GOP lobbying to succeed Pence shifts to Cleveland convention

July 18, 2016

Indiana's delegates to the Republican National Convention will be celebrating Mike Pence's selection as Donald Trump's running mate while also pondering who'll take his place as the GOP candidate for governor.

Pence made a low-key departure Monday for Cleveland, where he is being joined this week by the three leading candidates for the gubernatorial nomination, along with most of the state party leaders who will choose among the three next week.

One prominent state Republican who won't be traveling to Cleveland is U.S. Rep. Todd Young, who is choosing to concentrate on his U.S. Senate campaign against new Democratic candidate Evan Bayh.

Pence didn't make any remarks or take any questions before he boarded a private jet at Indianapolis International Airport with his wife, Karen, and his daughter, Charlotte. The Republican governor had returned to Indiana on Saturday following his formal debut that morning as Trump's vice presidential pick in Manhattan.

Pence's departure wasn't open to the public. His highest-profile role during the convention is expected to be his nomination acceptance speech Wednesday night.

Delegates to the convention include Lt. Gov. Eric Holcomb and U.S. Rep. Todd Rokita, who are both seeking the Republican nomination for governor after Pence withdrew as a candidate on Friday because state law prohibits him from seeking state and federal offices in the November election.

The other leading candidate, U.S. Rep. Susan Brooks, is attending the convention along with her husband, David, who was selected as a delegate in April, Brooks spokeswoman Dollyne Sherman said.

The new GOP candidate to face Democratic nominee John Gregg in November will be selected by the Indiana Republican state committee at a July 26 meeting.

With most of the 22 state committee members attending the GOP convention, there will be many discussions about the gubernatorial race, Rokita spokesman Tim Edson said.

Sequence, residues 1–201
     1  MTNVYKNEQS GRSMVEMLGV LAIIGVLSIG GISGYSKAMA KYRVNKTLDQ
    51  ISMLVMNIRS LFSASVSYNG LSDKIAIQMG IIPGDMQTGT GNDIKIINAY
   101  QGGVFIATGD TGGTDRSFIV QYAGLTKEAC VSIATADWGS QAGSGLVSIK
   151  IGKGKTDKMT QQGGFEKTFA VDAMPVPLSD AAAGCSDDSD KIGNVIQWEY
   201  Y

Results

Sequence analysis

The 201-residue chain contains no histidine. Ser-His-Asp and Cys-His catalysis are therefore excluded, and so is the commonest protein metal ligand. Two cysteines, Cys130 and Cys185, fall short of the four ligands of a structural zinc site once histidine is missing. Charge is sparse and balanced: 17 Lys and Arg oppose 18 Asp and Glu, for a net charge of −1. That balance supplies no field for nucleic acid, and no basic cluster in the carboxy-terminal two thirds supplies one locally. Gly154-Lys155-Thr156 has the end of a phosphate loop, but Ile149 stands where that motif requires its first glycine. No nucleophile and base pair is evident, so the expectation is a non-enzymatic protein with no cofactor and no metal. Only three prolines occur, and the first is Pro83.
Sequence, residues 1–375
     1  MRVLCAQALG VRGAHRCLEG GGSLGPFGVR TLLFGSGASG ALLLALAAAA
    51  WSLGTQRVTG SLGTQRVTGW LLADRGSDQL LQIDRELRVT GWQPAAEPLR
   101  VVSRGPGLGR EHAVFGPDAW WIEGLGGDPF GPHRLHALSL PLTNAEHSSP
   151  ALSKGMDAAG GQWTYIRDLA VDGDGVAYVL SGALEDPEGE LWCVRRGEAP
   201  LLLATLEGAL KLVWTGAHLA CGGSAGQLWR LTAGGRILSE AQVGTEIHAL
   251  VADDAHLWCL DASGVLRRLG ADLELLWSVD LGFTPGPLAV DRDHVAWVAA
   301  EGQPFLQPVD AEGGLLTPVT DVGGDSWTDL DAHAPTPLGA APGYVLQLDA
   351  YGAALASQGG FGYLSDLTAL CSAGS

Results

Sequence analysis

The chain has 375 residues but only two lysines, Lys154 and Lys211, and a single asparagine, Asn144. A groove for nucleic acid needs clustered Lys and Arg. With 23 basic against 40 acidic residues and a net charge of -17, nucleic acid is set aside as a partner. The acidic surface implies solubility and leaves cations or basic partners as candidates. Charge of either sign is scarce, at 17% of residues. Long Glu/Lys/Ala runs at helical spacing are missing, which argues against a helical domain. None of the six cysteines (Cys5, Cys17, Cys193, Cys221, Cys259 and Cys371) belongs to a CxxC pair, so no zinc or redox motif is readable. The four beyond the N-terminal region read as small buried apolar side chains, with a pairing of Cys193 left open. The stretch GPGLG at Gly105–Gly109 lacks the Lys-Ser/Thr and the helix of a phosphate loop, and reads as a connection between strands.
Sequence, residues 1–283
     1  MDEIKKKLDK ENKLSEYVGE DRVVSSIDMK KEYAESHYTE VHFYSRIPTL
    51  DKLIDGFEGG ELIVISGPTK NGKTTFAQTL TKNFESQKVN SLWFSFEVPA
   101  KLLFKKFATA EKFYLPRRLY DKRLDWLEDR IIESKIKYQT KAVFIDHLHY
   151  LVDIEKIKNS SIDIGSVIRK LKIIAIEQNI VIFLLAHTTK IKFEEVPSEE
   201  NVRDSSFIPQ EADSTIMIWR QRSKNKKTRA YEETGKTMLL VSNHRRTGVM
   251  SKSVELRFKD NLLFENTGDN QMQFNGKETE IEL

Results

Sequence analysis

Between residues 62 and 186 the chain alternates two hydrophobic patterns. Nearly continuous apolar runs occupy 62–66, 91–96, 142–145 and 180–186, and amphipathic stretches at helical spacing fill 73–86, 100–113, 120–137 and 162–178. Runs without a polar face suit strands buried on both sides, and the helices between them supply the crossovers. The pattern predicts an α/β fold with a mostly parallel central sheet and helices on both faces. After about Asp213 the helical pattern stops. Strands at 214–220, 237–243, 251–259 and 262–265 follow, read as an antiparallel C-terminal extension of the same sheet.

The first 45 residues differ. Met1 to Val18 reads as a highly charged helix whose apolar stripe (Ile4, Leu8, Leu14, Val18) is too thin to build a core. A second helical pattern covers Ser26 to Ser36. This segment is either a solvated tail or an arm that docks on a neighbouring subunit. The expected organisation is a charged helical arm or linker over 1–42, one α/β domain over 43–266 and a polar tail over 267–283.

"It is a good opportunity for Todd and, obviously, the other candidates to make their case one-on-one to those committee members," Edson said. "We're obviously taking full advantage of the opportunity."

Pence might not be heavily immersed in the jockeying to replace him in the coming days because "his life will not be his own for a while" with his new role as Trump's running mate, said former state Republican chairman Mike McDaniel.

"He will be too busy doing other things to be getting involved," McDaniel said.

Young, the Republican candidate for Indiana's suddenly competitive U.S. Senate race, will be in Indiana rather than Cleveland this week.

Young has repeatedly refused to say whether he supports Trump's presidential nomination, saying he's solely focused on his own campaign. The Senate race was shaken up last week when underdog Democratic nominee Baron Hill dropped out and Bayh announced he would try to make a political comeback for the seat he gave up six years ago.

"Todd has long planned to spend the coming weeks listening to Hoosiers here at home," said Young's campaign manager, Trevor Foughty.


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